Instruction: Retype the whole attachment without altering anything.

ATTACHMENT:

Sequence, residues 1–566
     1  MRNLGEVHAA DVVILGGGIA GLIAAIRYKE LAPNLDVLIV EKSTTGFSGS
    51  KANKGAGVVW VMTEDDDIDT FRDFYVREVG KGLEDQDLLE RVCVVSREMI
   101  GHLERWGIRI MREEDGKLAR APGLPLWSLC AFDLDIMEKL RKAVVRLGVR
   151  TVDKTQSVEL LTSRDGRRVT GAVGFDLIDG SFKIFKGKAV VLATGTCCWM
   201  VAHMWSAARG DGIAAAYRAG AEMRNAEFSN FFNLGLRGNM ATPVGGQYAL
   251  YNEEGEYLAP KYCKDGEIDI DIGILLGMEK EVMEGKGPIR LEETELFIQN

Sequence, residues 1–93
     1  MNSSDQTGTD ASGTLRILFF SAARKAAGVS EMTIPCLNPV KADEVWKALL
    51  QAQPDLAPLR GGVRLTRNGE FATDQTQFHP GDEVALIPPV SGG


Sequence, residues 1–566
     1  MRNLGEVHAA DVVILGGGIA GLIAAIRYKE LAPNLDVLIV EKSTTGFSGS
    51  KANKGAGVVW VMTEDDDIDT FRDFYVREVG KGLEDQDLLE RVCVVSREMI
   101  GHLERWGIRI MREEDGKLAR APGLPLWSLC AFDLDIMEKL RKAVVRLGVR
   151  TVDKTQSVEL LTSRDGRRVT GAVGFDLIDG SFKIFKGKAV VLATGTCCWM
   201  VAHMWSAARG DGIAAAYRAG AEMRNAEFSN FFNLGLRGNM ATPVGGQYAL
   251  YNEEGEYLAP KYCKDGEIDI DIGILLGMEK EVMEGKGPIR LEETELFIQN

Sequence, residues 1–93
     1  MNSSDQTGTD ASGTLRILFF SAARKAAGVS EMTIPCLNPV KADEVWKALL
    51  QAQPDLAPLR GGVRLTRNGE FATDQTQFHP GDEVALIPPV SGG